As proved by the revolving door of designers over the past few seasons, Halston is a hard act to follow. The label was revived under Randolph Duke in the nineties, spluttered under Marco Zanini a couple of season ago, and has been coasting along with a nameless design team for over a year (the term 'rudderless ship' springs to mind). Marios Schwab is the latest designer Halston hope will be able to turn its fortunes around - and this evening, in a downbeat garage in the meatpacking district, Schwab showed his Halston, V 4:0.
Rather than leaping head-first into a catwalk show, Schwab shrewdly decided to showcase his wares in a static presentation. Thus Gideon Ponte-designed sweeps of mirror bounced light around the concrete space as twenty-five models stood to attention in his brave new vision. This being a new collection (and with Halston notoriously quick to jump ship when it comes to their design talent), Schwab didn't stray far from the Halston heyday for the late 1970s, finding inspiration in the slightly schlocky Faye Dunaway fashion feature 'The Eyes of Laura Mars'. It was the clean, crisps lines of the modernist sets that set Schwab thinking about the clean, pared-back lines of the mid 1970s. Well, that and those enviable Halston house archives, naturally. But Schwab managed where so many other have failed, looking beyond those jersey-swathed snapshots to how Halston should look for 2010. The drapes, wraps and swathes were there, of course - almost every piece has a little something fluid folding over at one point or another - but none of them seemed pure revival, even when Schwab draped satin chiffon and crepe into full-length frocks strapped with metal that were most explicitly redolent of the label's legacy.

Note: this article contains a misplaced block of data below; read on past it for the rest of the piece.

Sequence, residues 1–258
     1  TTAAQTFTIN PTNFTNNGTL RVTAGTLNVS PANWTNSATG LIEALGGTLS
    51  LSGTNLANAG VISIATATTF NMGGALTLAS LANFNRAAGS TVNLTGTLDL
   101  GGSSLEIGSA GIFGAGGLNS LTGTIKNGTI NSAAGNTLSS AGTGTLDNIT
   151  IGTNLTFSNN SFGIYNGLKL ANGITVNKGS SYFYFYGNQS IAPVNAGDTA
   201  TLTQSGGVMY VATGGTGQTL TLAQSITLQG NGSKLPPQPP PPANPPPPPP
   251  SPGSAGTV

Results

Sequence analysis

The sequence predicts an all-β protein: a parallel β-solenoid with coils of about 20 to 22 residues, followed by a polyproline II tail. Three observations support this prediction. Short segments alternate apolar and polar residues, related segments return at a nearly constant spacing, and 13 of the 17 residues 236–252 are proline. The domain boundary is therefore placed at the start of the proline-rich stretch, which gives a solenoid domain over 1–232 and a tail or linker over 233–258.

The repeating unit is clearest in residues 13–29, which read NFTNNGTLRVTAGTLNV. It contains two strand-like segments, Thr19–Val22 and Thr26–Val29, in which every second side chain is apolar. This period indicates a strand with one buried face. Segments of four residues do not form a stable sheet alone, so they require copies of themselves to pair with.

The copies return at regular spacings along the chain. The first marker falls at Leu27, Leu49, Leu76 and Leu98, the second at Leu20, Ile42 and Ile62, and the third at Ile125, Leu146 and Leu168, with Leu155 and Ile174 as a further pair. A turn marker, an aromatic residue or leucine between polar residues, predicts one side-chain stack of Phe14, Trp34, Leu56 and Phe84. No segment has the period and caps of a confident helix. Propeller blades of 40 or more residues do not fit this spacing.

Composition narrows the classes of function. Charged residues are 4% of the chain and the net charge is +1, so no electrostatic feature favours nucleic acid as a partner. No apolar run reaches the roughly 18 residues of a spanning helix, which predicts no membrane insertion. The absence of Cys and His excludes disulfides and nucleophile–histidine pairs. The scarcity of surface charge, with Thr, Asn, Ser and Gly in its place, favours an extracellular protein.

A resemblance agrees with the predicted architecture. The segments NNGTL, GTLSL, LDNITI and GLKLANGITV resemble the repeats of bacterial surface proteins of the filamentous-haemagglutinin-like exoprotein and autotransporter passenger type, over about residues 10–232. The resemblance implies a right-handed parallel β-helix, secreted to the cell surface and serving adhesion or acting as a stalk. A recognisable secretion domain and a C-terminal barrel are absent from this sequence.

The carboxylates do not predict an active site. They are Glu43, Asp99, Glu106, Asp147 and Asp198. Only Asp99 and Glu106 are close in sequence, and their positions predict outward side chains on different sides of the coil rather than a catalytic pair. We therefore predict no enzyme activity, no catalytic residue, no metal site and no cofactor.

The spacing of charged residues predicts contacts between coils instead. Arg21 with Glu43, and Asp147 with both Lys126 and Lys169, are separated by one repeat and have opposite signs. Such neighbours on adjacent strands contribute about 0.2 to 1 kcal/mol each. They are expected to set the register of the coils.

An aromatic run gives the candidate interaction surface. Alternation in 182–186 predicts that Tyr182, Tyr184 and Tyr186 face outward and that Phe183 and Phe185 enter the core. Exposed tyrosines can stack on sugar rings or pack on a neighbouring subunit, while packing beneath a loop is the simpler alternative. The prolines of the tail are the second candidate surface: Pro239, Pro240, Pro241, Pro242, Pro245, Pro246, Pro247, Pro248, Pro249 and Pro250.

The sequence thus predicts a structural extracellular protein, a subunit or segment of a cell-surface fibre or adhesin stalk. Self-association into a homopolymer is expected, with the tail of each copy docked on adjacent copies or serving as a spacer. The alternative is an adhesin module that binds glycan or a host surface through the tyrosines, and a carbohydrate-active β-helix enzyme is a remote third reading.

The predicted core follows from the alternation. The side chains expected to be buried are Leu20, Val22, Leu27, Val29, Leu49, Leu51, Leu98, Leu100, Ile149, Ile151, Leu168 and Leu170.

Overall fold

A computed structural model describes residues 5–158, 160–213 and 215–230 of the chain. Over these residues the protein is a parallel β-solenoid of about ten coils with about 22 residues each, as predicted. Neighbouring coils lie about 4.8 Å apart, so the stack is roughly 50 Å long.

The tension at all times seemed to be between Schwab and Halston, thus taut little trademark neoprene dresses with geometric seaming suddenly had a firm drape at the hip, or a little velvet number suddenly flipped back in on itself in a Confucian riddle of knotting and draping. The colour palette was bold, perhaps a little lurid at times, but Schwab was right to inject a volt of energy into these clothes. While those bright Grecian mini-dresses will doubtless appeal to the young, cool crowd who already covet Schwab's work, the chic shearling-trimmed wool coat in palest bone, fur-sleeved sweater dress and wicked way with twisting and draping suede in a series of skirts and jumpsuits seem destined for legions of well-matured devotees of Roy Frowick first time around. And whoever gave Schwab free reign of the accessories must be rubbing their hands with glee: split-front knee-high boots had instant must-have scrawled across their kitten-soft suede surface. With retailers wreathed in smiles and making third or fourth rounds of the room, I wasn't the only one to think so.